Graduation Year


Document Type




Degree Granting Department

Mathematics and Statistics

Major Professor

Rebecca Wooten


Autocorrelation, Modeling, Parametric Analysis, Pressure Estimation, Regression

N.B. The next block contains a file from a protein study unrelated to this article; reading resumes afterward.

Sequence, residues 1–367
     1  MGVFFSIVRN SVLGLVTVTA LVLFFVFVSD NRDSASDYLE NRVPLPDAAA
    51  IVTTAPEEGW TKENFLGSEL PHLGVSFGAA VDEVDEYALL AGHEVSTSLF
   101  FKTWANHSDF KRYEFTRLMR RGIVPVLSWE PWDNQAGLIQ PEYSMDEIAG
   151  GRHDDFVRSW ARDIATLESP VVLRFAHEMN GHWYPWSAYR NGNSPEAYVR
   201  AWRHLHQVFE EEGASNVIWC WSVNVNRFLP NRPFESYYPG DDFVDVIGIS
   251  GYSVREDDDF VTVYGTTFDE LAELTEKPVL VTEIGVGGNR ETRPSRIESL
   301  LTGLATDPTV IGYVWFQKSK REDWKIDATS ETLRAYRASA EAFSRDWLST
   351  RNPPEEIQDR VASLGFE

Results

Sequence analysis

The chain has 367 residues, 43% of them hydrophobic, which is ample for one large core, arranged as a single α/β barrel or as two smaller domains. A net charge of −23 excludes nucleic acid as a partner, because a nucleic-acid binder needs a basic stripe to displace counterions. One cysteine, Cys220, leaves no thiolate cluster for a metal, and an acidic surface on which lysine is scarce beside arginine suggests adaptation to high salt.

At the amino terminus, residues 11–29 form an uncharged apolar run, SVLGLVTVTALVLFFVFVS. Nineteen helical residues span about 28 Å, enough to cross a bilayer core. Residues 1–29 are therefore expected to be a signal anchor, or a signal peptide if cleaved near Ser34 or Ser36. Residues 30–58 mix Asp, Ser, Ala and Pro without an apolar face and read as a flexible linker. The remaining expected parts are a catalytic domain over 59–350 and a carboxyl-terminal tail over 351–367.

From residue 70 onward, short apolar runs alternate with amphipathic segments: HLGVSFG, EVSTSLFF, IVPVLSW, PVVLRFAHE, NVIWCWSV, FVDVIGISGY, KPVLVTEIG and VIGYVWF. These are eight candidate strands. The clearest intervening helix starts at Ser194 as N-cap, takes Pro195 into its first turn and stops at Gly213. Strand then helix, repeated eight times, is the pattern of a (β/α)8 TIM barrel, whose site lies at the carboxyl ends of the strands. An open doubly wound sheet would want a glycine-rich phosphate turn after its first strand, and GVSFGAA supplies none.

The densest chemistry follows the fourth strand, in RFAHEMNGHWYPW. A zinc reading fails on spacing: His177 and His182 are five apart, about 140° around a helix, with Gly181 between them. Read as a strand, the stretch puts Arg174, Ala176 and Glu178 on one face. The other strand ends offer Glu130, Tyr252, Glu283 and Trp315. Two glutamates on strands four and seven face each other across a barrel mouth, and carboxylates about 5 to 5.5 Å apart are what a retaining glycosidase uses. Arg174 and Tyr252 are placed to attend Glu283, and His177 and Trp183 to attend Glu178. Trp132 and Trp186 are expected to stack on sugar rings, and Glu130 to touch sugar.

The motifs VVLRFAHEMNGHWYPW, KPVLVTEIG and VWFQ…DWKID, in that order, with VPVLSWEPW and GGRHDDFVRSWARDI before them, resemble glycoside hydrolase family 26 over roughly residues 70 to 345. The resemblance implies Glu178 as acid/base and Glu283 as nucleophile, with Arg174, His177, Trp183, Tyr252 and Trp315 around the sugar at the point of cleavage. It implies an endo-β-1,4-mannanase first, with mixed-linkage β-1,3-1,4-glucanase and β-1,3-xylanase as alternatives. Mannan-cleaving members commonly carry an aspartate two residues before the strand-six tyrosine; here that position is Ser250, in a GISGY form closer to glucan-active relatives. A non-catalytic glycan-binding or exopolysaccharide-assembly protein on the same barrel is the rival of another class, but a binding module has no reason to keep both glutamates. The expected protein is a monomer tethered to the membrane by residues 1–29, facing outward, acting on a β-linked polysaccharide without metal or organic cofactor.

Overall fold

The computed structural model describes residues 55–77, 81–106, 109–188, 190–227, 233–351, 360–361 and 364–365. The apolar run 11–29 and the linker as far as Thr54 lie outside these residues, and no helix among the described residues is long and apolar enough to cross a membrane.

The field of statistical research in weather allows for the application of old and new methods, some of which may describe relationships between certain variables better such as temperatures and pressure. The objective of this study was to apply a variety of traditional and novel statistical methods to analyze data from the National Data Buoy Center, which records among other variables barometric pressure, atmospheric temperature, water temperature and dew point temperature. The analysis included attempts to better describe and model the data as well as to make estimations for certain variables. The following statistical methods were utilized: linear regression, non-response analysis, residual analysis, descriptive statistics, parametric analysis, Kolmogorov-Smirnov test, autocorrelation, normal approximation for the binomial, and chi-squared test of independence. Of the more significant results, one was establishing the Johnson SB as the best fitting parametric distribution for a group of pressures and another was finding that there was high autocorrelation in atmospheric temperature and pressure for small lags. This topic remains conducive to future research, and such endeavors may strengthen the field of applied statistics and improve our understanding of various weather entities.